February 5, 2015 Ryan Boettcher

Jesus, Authority, and Love

The Gospel reading for Epiphany 4 highlights the very first public act of Jesus’ ministry in the Gospel of Mark. Jesus went to the synagogue to teach. And all at once, the people in the congregation’s ears started to perk up. They sat up straighter, and began to hang onto his every word. The passage says they were “astounded” at his teaching. Jesus taught with authority. An authority that they had not seen in the Scribes, the ones who normally taught on the Sabbath. Of course, Mark doesn’t tell us what Jesus said, but I think that’s, at least in part, the point of the story. Mark isn’t interested in letting us know what Jesus actually said in his teaching. It’s not that His words weren’t important. But, as is often said of Mark, His Gospel is a gospel of action. Mark wants us to pay close attention to what is happening and what Jesus is doing in this passage.

It should come as a shock to us, I would think, that in Jesus’ very first act of ministry, that he should be interrupted by a man possessed. What are the chances that in his very first teaching moment something so disruptive would happen? But then again, we are talking about Jesus, the Holy One of God. And as we take a second glance at this story in Mark, perhaps it’s not at all surprising that the unclean spirit residing in the man in the back of the synagogue became so agitated. Jesus had come into its territory and onto its turf, and so the spirit asked the obvious questions: “What have you to do with us, Jesus of Nazareth?” Another way to phrase this: “Why do you meddle with us?”

What strikes me about these questions that are posed to Jesus is that it is not altogether clear who the “us” is that the demon is referring to when he says: what have you to do with us? Is he talking about “us” demons, who existed during Jesus’ time? Or perhaps there is a different “us” that the man is referring to.  Personally, I think we can read the “us” and see ourselves in those questions. When Jesus enters into our own lives, there is a part of him coming into our lives that involves conflict. Because sin has a foothold in all of our lives in various ways, and we have all become accustomed to our sin and to our self-serving ways. We like the Jesus who loves everyone and heals the sick, but as soon as he starts meddling in our own lives, that’s where we draw the line. This is the part of the Incarnation that we, if we are honest with ourselves, have a harder time with. This is where we begin to utter things like: What have you to do with us, Jesus of Nazareth? Why do you meddle with us?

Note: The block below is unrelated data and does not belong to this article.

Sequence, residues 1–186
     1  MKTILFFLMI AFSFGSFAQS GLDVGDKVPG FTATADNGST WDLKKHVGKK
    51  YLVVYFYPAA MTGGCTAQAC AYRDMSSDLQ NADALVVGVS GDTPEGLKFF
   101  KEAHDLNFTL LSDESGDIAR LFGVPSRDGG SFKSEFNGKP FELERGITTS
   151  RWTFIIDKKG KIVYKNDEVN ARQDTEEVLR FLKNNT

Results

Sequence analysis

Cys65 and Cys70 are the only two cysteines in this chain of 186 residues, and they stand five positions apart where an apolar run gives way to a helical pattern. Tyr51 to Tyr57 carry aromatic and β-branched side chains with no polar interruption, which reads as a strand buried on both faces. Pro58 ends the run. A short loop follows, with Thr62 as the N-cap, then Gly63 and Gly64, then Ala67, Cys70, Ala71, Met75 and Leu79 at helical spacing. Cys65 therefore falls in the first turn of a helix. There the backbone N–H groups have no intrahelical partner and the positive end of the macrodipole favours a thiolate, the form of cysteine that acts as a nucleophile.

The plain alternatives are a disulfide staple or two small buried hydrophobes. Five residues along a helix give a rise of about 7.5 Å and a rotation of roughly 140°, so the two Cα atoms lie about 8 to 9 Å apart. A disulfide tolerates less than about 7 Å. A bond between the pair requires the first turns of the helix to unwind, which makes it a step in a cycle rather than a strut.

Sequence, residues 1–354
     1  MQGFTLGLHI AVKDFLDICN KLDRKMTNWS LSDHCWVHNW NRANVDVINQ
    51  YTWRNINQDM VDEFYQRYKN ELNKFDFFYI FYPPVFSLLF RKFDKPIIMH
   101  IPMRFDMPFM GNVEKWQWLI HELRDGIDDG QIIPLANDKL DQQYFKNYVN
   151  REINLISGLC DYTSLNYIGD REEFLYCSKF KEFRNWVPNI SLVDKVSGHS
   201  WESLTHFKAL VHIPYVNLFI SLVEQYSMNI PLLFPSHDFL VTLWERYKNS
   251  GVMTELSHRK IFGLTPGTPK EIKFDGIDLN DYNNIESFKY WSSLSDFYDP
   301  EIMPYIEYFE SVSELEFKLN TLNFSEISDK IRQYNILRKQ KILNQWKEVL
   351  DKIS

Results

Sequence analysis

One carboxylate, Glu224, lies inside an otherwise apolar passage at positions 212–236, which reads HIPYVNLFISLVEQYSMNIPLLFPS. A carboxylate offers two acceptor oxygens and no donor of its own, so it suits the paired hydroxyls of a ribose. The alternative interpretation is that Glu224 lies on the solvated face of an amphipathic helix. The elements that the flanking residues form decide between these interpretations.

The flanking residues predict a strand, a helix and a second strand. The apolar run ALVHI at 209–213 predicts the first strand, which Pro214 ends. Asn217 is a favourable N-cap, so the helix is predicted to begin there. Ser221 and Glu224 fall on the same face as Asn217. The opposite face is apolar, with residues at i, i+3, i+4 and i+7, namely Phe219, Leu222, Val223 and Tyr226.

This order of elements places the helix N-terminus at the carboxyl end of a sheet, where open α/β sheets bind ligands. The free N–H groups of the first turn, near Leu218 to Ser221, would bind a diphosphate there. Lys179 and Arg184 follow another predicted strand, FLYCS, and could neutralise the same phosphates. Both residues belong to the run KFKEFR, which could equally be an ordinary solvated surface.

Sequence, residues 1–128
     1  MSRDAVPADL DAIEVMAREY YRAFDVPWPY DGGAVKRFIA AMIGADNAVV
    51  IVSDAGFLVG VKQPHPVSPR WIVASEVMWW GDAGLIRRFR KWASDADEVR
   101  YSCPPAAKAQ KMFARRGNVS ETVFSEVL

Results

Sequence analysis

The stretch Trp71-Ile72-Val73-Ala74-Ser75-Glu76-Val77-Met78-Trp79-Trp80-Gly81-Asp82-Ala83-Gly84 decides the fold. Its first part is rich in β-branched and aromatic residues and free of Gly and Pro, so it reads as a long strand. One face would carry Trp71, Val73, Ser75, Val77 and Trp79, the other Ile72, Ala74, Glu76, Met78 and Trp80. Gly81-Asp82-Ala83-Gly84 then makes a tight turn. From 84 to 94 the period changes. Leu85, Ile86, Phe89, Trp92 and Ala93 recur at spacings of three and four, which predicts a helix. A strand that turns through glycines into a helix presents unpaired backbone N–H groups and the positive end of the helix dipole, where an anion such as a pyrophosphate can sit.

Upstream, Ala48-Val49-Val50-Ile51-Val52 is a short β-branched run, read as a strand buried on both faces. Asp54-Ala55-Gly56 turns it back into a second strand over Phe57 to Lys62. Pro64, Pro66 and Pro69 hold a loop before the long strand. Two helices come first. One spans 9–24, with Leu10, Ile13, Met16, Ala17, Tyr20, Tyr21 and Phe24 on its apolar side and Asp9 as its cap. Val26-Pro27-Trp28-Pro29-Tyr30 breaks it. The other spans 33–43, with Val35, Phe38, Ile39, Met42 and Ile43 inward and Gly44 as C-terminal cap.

Of course this is precisely what Jesus came into this world to do, to root out the sin in our lives, to cast out the powers and principalities that have laid hold on our lives, and to call into question the oppressive and destructive systems and structures in our world. Jesus came into this world with an authority that the people had never seen before. It was different, there was something in the very nature of his authority that made it true. And I actually think our New Testament reading from 1 Corinthians helps us understand the nature of his authority. In verse 1, Paul says simply: “Knowledge puffs up, but love builds up.” Paul was calling out the Christians who knew, who had the knowledge that it didn’t matter if they ate food that had been sacrificed to idols. There were other Christians who still were afraid to do so, because it wasn’t allowed in their previous religious practices. They thought that they would be doing something wrong. And so the in-the-know Christians were becoming prideful in their knowledge, and becoming puffed up with it. The same could be said of the scribes and leaders of Jesus’ own time. If we want to talk about the difference between Jesus’ teaching with authority and the scribe’s teaching, it may be as simple as this: Knowledge puffs up, but love builds up.

As we reflect on this season of Epiphany and on Jesus mission on this earth, and as we reflect on what it means to be the church on mission – I think it is important to reflect on what it means teach, to speak, to live and to love with the authority that Jesus had. Two questions come to mind:

  1. What are the things that God wants to meddle with in your life? Are you giving him space to rework and renew you?
  2. How is your life, your ministry, your faith live out towards others marked by a love that builds up?